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  Dual Coordination of Post Translational Modifications in Human Protein Networks

Woodsmith, J., Kamburov, A., & Stelzl, U. (2013). Dual Coordination of Post Translational Modifications in Human Protein Networks. PLoS Computational Biology, 9(3), e1002933-e1002933. doi:10.1371/journal.pcbi.1002933.

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Item Permalink: http://hdl.handle.net/11858/00-001M-0000-0018-F3D3-6 Version Permalink: http://hdl.handle.net/11858/00-001M-0000-0019-0F21-4
Genre: Journal Article

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2013
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2013 Woodsmith et al. This is an open-access article distributed under the terms of the Creative Commons Attribution License, which permits unrestricted use, distribution, and reproduction in any medium, provided the original author and source are credited.

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 Creators:
Woodsmith, J.1, Author              
Kamburov, A.2, Author              
Stelzl, U.1, Author              
Affiliations:
1Molecular Interaction Networks (Ulrich Stelzl), Independent Junior Research Groups (OWL), Max Planck Institute for Molecular Genetics, Max Planck Society, ou_1479660              
2Bioinformatics (Ralf Herwig), Dept. of Vertebrate Genomics (Head: Hans Lehrach), Max Planck Institute for Molecular Genetics, Max Planck Society, ou_1479648              

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Free keywords: posttranslational modifications lysine acetylation web server phosphorylation cancer methylation ubiquitin genome database kinases
 Abstract: Post-translational modifications (PTMs) regulate protein activity, stability and interaction profiles and are critical for cellular functioning. Further regulation is gained through PTM interplay whereby modifications modulate the occurrence of other PTMs or act in combination. Integration of global acetylation, ubiquitination and tyrosine or serine/threonine phosphorylation datasets with protein interaction data identified hundreds of protein complexes that selectively accumulate each PTM, indicating coordinated targeting of specific molecular functions. A second layer of PTM coordination exists in these complexes, mediated by PTM integration (PTMi) spots. PTMi spots represent very dense modification patterns in disordered protein regions and showed an equally high mutation rate as functional protein domains in cancer, inferring equivocal importance for cellular functioning. Systematic PTMi spot identification highlighted more than 300 candidate proteins for combinatorial PTM regulation. This study reveals two global PTM coordination mechanisms and emphasizes dataset integration as requisite in proteomic PTM studies to better predict modification impact on cellular signaling.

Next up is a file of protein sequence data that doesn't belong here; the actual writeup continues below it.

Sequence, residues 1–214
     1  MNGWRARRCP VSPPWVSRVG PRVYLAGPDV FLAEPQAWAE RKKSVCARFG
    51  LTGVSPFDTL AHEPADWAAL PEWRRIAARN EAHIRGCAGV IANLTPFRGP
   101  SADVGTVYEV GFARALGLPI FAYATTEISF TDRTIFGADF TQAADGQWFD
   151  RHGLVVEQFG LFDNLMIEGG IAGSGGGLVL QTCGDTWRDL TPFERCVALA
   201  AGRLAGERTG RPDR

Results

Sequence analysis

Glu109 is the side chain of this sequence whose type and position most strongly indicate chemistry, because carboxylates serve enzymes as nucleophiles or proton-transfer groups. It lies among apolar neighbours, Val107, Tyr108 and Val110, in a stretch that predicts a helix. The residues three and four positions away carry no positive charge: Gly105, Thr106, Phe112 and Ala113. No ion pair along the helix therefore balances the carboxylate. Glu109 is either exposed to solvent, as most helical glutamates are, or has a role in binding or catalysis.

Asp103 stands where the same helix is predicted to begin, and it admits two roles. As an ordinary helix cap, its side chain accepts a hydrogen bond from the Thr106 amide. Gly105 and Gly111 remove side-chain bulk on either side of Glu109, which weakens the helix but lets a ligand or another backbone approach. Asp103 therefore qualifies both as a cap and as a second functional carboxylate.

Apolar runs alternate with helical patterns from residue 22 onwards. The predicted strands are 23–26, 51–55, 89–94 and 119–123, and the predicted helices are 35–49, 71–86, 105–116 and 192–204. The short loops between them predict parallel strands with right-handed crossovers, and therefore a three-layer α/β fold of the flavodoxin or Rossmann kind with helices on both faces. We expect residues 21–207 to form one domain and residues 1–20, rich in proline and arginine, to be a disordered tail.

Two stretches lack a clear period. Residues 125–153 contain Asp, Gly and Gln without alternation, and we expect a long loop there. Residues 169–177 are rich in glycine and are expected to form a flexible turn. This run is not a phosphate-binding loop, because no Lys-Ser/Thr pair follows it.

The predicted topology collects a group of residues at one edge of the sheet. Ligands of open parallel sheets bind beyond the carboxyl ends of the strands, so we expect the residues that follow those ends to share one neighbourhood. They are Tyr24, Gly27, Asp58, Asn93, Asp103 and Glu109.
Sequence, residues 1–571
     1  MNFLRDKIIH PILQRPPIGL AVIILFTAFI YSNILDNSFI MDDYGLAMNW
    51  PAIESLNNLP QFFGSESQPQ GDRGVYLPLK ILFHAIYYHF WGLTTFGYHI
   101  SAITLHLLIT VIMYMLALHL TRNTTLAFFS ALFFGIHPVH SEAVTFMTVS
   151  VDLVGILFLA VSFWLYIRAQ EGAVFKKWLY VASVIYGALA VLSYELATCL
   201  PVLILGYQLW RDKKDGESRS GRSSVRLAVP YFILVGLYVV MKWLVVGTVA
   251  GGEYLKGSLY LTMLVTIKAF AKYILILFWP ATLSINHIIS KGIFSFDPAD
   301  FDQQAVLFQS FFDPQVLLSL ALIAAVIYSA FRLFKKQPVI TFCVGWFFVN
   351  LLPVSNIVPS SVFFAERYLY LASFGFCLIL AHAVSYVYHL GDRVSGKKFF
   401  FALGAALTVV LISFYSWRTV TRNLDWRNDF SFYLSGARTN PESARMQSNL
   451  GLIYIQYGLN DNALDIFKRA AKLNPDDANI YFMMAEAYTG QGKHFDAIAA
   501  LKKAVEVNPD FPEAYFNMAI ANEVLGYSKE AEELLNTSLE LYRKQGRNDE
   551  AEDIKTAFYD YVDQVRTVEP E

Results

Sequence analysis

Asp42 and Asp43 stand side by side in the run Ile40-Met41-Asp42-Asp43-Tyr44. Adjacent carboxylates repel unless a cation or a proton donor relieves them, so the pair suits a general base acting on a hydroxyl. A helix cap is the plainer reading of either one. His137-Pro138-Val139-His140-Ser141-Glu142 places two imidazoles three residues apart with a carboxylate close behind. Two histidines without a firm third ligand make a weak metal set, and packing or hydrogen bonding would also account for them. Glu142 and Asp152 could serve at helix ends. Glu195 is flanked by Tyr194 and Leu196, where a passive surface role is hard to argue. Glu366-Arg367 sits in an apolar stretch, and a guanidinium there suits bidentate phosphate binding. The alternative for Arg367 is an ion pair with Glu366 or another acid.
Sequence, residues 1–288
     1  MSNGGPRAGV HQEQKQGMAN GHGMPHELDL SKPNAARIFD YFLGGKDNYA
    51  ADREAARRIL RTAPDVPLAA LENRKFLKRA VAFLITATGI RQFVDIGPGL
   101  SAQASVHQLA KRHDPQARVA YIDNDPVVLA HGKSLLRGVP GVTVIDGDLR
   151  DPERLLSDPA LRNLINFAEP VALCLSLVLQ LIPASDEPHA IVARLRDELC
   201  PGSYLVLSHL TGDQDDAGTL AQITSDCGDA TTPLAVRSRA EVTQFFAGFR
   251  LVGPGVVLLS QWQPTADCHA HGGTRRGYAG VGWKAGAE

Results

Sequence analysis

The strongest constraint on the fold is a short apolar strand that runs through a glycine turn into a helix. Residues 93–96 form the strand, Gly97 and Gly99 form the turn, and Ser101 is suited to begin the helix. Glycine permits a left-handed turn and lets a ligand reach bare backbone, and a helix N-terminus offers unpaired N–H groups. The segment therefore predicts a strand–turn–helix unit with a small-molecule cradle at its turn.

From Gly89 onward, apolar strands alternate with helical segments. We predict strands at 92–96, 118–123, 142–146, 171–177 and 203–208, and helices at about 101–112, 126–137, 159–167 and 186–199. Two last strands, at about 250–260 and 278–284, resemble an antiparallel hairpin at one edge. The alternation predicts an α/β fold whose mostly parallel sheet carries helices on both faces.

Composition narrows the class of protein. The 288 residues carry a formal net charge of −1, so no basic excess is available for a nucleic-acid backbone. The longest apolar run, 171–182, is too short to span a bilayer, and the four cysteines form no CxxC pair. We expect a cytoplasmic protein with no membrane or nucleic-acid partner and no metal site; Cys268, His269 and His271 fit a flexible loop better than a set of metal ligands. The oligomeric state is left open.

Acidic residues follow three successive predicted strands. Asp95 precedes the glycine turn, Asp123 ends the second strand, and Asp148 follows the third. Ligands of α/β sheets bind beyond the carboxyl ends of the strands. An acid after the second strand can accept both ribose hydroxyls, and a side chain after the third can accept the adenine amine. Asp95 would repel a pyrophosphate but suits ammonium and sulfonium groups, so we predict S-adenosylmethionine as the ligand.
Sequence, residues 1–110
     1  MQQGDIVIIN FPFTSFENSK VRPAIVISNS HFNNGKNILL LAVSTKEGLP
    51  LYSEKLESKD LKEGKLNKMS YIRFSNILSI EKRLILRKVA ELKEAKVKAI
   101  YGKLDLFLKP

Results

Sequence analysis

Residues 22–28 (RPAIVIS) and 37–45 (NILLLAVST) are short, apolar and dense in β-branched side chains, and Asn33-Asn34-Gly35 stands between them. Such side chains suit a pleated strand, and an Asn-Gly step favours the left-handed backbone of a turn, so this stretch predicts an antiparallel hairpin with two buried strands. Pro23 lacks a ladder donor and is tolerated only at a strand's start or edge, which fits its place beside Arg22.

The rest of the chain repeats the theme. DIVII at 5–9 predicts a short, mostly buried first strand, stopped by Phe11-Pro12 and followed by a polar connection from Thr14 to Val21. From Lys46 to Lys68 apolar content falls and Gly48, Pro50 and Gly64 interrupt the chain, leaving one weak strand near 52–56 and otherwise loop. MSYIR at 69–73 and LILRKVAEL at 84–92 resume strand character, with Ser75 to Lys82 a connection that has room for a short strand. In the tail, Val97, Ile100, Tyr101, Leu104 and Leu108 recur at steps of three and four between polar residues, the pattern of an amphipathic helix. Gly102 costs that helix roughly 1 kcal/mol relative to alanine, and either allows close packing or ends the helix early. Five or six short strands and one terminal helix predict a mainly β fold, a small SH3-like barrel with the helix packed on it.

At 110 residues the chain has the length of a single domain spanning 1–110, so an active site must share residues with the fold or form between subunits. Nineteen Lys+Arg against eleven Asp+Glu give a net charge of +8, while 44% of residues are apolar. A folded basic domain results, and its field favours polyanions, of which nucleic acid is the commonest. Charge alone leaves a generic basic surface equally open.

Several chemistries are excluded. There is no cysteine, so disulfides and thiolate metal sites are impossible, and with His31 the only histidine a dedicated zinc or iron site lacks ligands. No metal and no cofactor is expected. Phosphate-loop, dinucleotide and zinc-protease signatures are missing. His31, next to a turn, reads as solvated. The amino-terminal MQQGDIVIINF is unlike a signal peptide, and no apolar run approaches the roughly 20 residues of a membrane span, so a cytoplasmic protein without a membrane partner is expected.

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Language(s): eng - English
 Dates: 2013-03-072013
 Publication Status: Published in print
 Pages: -
 Publishing info: -
 Table of Contents: -
 Rev. Method: Peer
 Identifiers: DOI: 10.1371/journal.pcbi.1002933
ISSN: 1553-7358
 Degree: -

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Title: PLoS Computational Biology
Source Genre: Journal
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Publ. Info: San Francisco, CA : Public Library of Science
Pages: - Volume / Issue: 9 (3) Sequence Number: - Start / End Page: e1002933 - e1002933 Identifier: ISSN: 1553-734X
CoNE: /journals/resource/1000000000017180_1